Sunday, June 26, 2005

Last throes?

On Sunday, Secretary of Defense Donald Rumsfeld told several news shows that the Iraq insurgency may last a while:
"Insurgencies tend to go on five, six, eight, 10, 12 years. Foreign forces are not going to repress that insurgency"
So much for Cheney's assessment that insurgents are in their "last throes." What will 2006 be like? Will U.S. troop levels in Iraq remain the same a year from now as members of Congress are in the midst of their re-election campaigns, trying to explain to constituents why their sons and daughters continue to come home in boxes (in the middle of the night), three years after "mission accomplished" and one year after insurgents were in the their "last throes?" And what about the veterans waiting for their travel pay? And will the really good armored vehicles make it to Iraq (not the "special ones" that Rumsfeld and members of Congress ride around in, I mean ones that G.I. Joe and Jane have to ride in)? I doubt it, but we'll see.


Anonymous Anonymous said...

Your kidding me, right? This segment sounds to me like you are writing this just to try to be angsty to the military situation. Enough with the mission accomplished sign. I think that it has already been determined that it was meant for the sailors coming home from deployment. So what. The really good armored vehicles? You make this sound like it is something new – that until recently all people shared in using the same equipment at all times. Like we should expect the president not to ride around in air force one but to drive himself in a Hyundai. Or instead of Condi Rice, Rumsfeld or even Clinton being chauffeured, they should just be given Kias and asked to drive themselves. It is not uncommon for dignitaries and diplomats to be treated slightly better then the troops that they are visiting. This is how it’s always been. I guess instead of Churchill, Stalin, and Roosevelt meeting in Yalta for a conference they should have met somewhere close to the western front. The best is your comment about the special armor. Unless memory has failed me, Kevlar was invented in the middle to late 20’s and finally got on the market and into the military in the early 70’s. That means until then, there really was no “special” armor, just plated steel and leather – yet somewhere we managed to fight wars pretty effectively. Rumsfeld was right when he said, paraphrasing, that sometimes you have to fight with the military that you have instead of the one you want … and that do to the natures of supply and demand, they had no one that the armored vehicles would be so popular. This is not uncommon in military history. During world war I, the united states needed aircraft carriers so bad we just started half building ships then just throwing a plat form on it. They weren’t well tested by any means, but they were necessary to fight the war. Now-a-days, doing that would cause for criticisms on both sides. Why didn’t you test it long enough – Why is it not already in the field. It some ways it is a bit infuriating, and one of the reasons why I might support the return to the ole’ World War II moral movies.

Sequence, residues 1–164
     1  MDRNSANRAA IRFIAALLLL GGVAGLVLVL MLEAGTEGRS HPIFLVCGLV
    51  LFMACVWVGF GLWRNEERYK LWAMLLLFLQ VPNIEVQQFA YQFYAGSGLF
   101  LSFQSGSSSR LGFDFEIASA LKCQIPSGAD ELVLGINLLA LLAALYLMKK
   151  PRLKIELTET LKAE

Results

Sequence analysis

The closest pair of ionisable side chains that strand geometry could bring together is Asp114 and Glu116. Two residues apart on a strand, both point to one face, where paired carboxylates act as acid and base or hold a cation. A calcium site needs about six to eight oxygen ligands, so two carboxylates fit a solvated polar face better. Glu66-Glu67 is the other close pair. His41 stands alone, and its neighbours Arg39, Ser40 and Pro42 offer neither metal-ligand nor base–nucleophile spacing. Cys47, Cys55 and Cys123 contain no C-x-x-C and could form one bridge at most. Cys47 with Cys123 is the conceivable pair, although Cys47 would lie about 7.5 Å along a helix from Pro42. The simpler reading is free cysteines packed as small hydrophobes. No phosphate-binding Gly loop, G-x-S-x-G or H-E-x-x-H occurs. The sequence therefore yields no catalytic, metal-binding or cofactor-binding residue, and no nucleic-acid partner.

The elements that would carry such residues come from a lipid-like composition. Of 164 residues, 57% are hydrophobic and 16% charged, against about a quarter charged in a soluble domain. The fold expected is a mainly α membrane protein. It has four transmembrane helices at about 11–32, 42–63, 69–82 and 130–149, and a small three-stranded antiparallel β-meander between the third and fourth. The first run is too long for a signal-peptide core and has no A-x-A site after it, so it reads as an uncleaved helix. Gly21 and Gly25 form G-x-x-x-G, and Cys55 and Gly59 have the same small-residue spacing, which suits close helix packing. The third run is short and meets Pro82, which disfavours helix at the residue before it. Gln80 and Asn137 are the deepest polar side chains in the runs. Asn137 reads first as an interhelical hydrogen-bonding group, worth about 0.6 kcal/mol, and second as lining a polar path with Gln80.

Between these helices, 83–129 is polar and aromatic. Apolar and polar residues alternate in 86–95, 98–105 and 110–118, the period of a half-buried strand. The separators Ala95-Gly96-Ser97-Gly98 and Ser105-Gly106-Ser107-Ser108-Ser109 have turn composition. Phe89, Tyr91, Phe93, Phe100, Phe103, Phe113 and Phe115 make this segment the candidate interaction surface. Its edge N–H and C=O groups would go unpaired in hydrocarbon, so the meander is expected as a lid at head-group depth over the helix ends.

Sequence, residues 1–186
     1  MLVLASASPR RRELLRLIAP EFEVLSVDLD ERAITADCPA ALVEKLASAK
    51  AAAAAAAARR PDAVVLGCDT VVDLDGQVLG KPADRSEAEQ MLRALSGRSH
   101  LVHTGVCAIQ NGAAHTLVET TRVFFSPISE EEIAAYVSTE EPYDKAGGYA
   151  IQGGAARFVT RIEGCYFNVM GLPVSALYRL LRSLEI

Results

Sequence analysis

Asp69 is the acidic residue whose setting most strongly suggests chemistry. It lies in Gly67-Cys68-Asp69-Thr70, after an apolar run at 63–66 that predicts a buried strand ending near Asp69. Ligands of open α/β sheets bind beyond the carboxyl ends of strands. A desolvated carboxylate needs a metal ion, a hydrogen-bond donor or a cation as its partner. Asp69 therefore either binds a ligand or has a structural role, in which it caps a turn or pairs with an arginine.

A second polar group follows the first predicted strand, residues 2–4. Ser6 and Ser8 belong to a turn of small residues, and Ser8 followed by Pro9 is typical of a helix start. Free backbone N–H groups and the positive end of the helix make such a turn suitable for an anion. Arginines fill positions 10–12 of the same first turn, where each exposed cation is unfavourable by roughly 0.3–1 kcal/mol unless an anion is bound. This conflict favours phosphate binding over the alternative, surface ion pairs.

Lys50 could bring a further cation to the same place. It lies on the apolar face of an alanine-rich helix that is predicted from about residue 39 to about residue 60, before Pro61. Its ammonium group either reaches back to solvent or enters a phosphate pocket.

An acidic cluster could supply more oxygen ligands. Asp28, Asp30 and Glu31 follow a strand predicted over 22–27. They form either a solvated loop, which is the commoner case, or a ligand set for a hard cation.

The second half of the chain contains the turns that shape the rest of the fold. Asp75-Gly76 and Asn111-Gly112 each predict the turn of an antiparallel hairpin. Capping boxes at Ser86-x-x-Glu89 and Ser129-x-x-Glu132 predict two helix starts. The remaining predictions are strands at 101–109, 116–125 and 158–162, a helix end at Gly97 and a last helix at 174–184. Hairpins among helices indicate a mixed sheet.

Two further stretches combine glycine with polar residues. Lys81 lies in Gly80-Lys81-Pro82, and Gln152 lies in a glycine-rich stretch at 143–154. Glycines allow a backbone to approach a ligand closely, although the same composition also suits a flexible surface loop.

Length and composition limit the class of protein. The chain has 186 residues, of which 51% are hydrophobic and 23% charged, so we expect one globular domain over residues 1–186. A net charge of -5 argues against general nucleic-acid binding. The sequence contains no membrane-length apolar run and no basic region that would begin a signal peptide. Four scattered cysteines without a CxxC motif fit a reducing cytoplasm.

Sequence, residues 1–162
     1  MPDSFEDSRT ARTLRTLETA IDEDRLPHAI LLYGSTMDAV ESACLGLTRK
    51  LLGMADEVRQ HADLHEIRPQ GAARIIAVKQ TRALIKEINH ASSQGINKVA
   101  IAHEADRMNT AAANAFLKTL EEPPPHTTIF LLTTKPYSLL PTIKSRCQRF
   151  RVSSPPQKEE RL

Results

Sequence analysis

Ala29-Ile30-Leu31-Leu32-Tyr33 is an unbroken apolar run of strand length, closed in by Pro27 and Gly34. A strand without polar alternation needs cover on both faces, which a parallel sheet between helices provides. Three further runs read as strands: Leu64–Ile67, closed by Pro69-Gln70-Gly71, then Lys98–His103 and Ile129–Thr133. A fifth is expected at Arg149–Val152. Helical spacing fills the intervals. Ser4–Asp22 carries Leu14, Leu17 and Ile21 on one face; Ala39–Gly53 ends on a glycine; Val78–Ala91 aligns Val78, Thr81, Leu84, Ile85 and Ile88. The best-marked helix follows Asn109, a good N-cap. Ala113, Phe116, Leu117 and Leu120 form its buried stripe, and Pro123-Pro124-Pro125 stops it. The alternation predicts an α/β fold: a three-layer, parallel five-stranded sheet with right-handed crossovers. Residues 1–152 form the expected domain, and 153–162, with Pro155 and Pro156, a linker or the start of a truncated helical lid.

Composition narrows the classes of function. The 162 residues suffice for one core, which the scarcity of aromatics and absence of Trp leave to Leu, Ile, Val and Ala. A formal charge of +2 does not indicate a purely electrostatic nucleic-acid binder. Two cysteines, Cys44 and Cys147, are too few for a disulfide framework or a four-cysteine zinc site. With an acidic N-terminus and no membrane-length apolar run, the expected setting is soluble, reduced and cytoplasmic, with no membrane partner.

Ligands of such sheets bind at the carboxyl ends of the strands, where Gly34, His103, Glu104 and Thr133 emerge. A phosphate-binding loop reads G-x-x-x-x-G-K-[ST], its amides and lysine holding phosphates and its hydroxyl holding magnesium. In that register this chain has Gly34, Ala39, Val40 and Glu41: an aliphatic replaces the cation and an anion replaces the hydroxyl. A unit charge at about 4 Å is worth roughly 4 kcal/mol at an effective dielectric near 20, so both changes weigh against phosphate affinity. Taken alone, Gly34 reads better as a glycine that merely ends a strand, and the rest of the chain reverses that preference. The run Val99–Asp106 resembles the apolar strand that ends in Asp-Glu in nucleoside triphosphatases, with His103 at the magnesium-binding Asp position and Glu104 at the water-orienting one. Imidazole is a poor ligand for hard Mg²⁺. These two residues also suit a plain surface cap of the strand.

June 27, 2005 10:42 PM  
Blogger Xavier and Peter said...

And how long have we been in Iraq? You're telling me that in all that time, what was once the greatest industrial power in the world couldn't manufacture enough body armor, enough armored carriers and enough unspoiled food to give our troops what they really need?

June 29, 2005 8:37 PM  

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